A solution page is all about the organization. It should feature the company’s solutions and how they help their customers. In the process, they are offering insights into why the reader should be asking for a product or service demonstration and/or filling in a “Contact Us” form. This is the area for promotional material. Does Google want to promote this kind of content? Nope.

We could quibble over whether a Pillar Page is like a blog post, which it is, but they aren’t exactly the same. A blog post will pull in external references for validation. It might offer thoughts and opinions on a particular subject, and it often goes into depth on a particular area. For example, “What is Phishing” could be a blog post, but your blog should be really looking at things like, “Tips to avoid phishing attacks” or “How to prevent a phishing scam.”

The purpose of a Pillar Page is to educate the reader on a particular topic. It’s going to be an overview of all aspects of a particular topic without getting deep into the weeds. (That’s what your blog is for.) It needs to be educational and interesting, not promotional.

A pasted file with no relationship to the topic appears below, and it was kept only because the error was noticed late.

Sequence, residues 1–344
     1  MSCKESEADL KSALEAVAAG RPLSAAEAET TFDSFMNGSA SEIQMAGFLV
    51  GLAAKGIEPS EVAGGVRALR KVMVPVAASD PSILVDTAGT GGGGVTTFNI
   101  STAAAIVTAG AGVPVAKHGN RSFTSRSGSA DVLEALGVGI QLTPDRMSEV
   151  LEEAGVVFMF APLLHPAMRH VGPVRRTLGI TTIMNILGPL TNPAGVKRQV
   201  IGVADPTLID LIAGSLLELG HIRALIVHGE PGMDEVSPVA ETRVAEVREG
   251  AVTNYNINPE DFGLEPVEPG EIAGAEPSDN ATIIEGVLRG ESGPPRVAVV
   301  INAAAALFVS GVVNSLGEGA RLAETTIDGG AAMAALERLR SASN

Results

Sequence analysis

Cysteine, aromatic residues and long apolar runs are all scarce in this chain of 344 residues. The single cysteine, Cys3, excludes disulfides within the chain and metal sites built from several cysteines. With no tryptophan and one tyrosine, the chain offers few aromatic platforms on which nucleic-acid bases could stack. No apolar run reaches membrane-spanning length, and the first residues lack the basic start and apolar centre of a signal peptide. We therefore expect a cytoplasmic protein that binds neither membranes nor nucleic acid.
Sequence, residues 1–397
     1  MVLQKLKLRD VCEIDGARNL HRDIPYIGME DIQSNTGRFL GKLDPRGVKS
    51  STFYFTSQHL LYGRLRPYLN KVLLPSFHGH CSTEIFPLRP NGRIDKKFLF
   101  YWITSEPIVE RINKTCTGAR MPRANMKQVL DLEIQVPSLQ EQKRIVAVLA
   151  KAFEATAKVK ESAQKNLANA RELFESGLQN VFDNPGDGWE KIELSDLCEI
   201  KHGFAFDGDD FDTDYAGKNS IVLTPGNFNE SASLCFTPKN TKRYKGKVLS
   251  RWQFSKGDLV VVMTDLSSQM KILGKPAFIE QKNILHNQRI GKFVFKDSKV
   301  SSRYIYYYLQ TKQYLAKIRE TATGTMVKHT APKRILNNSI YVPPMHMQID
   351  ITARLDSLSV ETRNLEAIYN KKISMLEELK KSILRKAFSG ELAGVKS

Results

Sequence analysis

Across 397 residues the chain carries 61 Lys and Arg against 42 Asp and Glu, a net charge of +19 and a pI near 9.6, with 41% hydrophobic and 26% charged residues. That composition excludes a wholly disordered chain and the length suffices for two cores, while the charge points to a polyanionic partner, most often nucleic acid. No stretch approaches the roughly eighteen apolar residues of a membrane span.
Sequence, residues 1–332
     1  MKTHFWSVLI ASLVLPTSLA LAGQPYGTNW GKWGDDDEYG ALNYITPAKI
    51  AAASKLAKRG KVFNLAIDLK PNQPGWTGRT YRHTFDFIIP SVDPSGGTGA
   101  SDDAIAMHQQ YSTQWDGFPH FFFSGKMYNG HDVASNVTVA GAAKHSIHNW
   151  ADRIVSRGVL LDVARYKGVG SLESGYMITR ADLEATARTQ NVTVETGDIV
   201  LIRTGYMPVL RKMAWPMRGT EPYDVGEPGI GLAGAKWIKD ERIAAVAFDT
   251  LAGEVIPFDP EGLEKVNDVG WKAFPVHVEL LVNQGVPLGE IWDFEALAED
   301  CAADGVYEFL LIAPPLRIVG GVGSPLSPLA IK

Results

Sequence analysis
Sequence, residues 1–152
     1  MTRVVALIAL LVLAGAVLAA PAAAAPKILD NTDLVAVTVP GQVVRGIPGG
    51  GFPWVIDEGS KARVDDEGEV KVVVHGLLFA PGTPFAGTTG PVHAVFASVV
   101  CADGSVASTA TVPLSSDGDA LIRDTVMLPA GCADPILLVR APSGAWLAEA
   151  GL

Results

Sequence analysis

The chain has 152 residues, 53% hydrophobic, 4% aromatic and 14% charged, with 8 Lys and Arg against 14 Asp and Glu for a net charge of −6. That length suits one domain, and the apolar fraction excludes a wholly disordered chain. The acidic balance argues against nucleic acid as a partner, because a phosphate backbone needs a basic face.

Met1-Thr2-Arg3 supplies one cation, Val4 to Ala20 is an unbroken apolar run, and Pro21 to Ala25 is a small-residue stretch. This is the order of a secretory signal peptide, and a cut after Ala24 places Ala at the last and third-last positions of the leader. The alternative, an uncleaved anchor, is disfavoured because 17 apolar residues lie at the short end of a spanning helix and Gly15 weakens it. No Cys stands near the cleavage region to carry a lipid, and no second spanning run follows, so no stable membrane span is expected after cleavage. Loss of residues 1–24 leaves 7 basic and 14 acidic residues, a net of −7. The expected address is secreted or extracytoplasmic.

Why Create a Pillar Page?

Pillar Pages need to be created around the core of your business. If you’re a vendor working in the API security space, an obvious place to start is with “Your Guide to API Security.” From there, you then need to research some of the keywords and phrases that people are using to learn more about API security.

If you’re writing something up on the topic and want to educate readers, you must think about this from the perspective of who might be reading it. That could be anyone from students learning about the topic all the way to executives who hear about the threat but don’t know exactly what it is. You need to add value to their experience so that they stay on the page, interact with it, and then look to respond to a Call-To-Action (CTA).

9 Best Practices When Building a Pillar Page

Now that we’ve covered what a Pillar Page is, why it is important, and why you would want to create one, let’s look at some of the best practices to consider when building a Pillar Page.